Groups to sue UC Berkeley over planned tree removal
San Francisco Chronicle 12/19/06
The suit, to be filed in Alameda County Superior Court, alleges that the university is violating environmental and earthquake laws by removing 42 oaks, California laurels, redwoods and other trees to build the training center, which will sit nearly on top of the Hayward Fault.
The $125 million training center, which the UC Board of Regents approved two weeks ago, will provide offices and facilities for the Cal football team and about 100 athletic department staff members.
"What are the regents thinking? That football is going to give us clean air?" said Janet Cobb, executive director of the Oakland-based California Oak Foundation, the lead plaintiff. "You can certainly understand the regents' dilemma, but people are very adamant that these oaks be saved."
A preliminary hearing is scheduled for Thursday morning, at which Oakland attorney Stephan Volker will ask for a temporary restraining order to stop the project. The plaintiffs want the training center moved to the opposite side of campus or to the waterfront, which they say will be seismically safer and will spare the oak grove.
On Dec. 2, the day of the Big Game against Stanford, a group of activists climbed two oaks and a redwood and vowed to stay until the university promises to move the training center elsewhere. The activists have been sleeping under tarps draped over plywood planks and eating food provided by a ground crew.
The city of Berkeley also plans to file suit, probably this week, against UC over the expansion plans. The city's suit focuses on public safety, claiming the project will bring more people to a dangerous earthquake and fire zone that's accessible only by a narrow two-lane road.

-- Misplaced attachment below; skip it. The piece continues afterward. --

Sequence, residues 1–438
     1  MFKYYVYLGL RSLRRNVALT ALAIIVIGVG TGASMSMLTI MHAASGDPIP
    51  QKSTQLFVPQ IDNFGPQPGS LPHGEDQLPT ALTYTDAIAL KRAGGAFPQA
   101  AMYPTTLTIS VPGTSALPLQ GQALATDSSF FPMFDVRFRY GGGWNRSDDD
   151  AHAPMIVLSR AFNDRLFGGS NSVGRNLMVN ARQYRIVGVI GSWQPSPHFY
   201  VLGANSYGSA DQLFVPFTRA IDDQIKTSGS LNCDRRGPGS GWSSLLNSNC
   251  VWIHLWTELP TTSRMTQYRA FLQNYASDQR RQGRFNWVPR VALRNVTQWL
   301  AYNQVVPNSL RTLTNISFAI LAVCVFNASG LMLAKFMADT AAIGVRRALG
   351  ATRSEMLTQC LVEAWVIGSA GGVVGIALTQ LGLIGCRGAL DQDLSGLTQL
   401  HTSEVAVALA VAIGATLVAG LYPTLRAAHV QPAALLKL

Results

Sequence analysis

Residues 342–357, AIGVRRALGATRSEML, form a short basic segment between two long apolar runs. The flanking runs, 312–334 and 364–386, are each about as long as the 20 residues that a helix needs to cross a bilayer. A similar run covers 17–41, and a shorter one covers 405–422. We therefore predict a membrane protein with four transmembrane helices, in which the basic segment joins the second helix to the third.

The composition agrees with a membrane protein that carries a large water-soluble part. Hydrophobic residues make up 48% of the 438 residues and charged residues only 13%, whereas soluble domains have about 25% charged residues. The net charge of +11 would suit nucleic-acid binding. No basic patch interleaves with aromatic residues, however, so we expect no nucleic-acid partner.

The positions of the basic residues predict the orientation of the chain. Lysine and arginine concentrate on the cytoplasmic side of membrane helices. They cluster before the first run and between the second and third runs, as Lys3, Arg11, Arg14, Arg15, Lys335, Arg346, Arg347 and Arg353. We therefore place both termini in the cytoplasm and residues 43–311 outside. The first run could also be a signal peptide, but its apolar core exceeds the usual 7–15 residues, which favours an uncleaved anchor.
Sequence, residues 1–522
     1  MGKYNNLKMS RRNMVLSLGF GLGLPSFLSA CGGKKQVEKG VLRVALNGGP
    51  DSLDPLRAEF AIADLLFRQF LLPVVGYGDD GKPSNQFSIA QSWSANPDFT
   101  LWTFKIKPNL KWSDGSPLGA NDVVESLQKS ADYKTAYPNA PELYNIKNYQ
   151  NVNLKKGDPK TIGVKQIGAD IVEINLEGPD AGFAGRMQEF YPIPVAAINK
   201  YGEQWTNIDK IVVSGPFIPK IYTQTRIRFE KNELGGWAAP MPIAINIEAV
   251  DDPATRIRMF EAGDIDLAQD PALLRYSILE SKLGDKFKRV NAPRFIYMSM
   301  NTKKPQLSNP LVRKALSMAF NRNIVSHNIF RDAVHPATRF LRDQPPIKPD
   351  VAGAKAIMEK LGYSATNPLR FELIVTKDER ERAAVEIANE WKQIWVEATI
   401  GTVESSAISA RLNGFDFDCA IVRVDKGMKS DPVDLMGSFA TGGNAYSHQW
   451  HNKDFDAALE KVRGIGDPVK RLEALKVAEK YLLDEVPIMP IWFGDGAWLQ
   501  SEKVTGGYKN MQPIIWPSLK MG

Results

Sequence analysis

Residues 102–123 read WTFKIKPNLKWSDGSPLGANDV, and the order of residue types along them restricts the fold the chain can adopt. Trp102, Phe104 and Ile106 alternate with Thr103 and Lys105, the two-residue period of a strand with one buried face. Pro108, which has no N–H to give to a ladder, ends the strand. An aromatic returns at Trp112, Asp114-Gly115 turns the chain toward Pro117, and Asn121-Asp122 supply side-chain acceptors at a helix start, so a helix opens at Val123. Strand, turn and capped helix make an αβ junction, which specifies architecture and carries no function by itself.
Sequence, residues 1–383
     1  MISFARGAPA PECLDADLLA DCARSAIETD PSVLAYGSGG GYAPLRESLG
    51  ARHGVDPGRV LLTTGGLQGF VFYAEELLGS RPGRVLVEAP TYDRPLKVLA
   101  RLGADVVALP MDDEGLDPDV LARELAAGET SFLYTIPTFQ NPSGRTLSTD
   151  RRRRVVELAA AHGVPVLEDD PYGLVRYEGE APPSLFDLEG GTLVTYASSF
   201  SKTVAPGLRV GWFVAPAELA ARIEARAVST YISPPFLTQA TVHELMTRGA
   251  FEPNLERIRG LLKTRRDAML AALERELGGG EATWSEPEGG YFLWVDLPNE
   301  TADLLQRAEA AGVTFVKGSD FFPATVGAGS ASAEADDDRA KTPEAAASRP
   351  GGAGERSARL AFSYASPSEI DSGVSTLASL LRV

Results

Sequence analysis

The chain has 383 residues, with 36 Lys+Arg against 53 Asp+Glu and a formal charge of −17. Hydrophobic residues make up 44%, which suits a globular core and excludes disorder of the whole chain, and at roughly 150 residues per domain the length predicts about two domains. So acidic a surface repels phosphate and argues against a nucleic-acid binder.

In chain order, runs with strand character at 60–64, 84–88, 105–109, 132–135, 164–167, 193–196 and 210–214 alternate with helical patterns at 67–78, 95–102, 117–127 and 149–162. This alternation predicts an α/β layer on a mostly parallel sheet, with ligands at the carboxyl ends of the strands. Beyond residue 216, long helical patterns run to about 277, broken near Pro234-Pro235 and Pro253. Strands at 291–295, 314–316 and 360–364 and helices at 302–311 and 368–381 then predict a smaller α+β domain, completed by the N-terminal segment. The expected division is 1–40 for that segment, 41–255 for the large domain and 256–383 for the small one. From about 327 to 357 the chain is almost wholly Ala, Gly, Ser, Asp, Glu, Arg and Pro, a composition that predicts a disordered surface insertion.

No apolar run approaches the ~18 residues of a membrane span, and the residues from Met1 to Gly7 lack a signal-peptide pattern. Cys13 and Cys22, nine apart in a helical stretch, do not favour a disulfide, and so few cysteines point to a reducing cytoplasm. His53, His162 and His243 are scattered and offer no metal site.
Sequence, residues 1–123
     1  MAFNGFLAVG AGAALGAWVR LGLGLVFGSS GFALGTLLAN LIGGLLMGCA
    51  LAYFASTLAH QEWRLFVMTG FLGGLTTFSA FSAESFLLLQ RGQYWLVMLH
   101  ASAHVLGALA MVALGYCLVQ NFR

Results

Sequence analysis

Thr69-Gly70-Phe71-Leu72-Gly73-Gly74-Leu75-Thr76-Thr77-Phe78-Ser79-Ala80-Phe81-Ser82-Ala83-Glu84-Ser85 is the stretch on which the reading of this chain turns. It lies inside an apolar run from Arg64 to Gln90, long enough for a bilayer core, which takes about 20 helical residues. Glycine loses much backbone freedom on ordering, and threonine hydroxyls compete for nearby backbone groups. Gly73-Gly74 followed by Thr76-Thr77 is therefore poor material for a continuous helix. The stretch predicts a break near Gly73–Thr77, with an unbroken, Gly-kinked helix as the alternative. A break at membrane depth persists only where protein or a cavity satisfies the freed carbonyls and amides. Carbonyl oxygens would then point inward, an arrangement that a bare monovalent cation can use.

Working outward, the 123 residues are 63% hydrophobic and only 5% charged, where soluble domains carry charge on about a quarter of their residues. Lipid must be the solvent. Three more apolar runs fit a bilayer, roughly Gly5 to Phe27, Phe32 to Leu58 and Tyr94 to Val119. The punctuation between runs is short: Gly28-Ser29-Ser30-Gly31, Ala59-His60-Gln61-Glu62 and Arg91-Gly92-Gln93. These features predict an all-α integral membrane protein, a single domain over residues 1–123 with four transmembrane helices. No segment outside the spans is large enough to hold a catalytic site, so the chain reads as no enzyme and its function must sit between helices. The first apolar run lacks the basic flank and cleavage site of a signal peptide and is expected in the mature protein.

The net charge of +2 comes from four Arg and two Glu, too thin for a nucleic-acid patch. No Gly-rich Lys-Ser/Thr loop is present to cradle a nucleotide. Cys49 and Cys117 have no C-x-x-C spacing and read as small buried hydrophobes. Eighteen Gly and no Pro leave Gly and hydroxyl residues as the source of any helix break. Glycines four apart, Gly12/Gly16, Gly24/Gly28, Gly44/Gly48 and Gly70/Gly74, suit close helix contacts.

Last week, a group of homeowners, the Panoramic Hill Association, also sued UC over the project on similar grounds. In addition, the residents said, the expansion plans will adversely affect their quality of life, bringing more traffic and noise to their normally quiet hillside.
UC says the project has been thoroughly reviewed for safety and environmental impacts, and the new center will provide safer facilities for those who work and practice at 83-year-old Memorial Stadium, which is scheduled to be retrofitted after the training center is built.
"The campus believes it has met all the requirements of the California Environmental Quality Act in evaluating the environmental impact," said campus spokeswoman Marie Felde.
UC will plant three trees in the same area for every one it removes, she said.
The trees are scattered on 1.2 acres west of the stadium along Gayley Road. An inventory commissioned by the university identified 65 oaks, 25 pittosporum and eight redwoods among other trees in the grove, a few of which predate Memorial Stadium.
Two tree-sitters have been cited for trespassing. On Wednesday, UC police cited former Berkeley mayoral candidate Zachary RunningWolf when he came down from the tree to do a radio interview, and on Thursday police cited Kingman Lim, a recent UC Berkeley graduate. Both were banned from campus for seven days and face up to six months in jail and a $1,000 fine.
Otherwise, the scene has been peaceful, said UC Police Assistant Chief Mitch Celaya. Officers check on the tree-sitters' welfare throughout the night and make sure they're not sleeping for long periods, which would constitute lodging and is illegal on campus, Celaya said.
The tree-sitters, most of whom are students, rotate shifts so they can attend final exams and go to work, if necessary.
Also listed as plaintiffs in addition to the California Oak Foundation are Berkeley City Councilwoman Dona Spring, Zoning Adjustments Board member Sara Shumer, the tree-sitters -- represented by a group called Save the Oaks at the Stadium -- and several Berkeley residents.
"To me, that grove is as beautiful as any man-made structure," said Spring, who just began her fifth term on the council. "That huge canopy, all those colors -- it really makes your heart sing. It's so peaceful and magical, you feel like you're in Mendocino."
Meanwhile, the tree-sitters' ground crew has built a tepee in the oak
grove and plans a winter solstice celebration at 5 p.m. on Dec. 21,
to which the public is invited.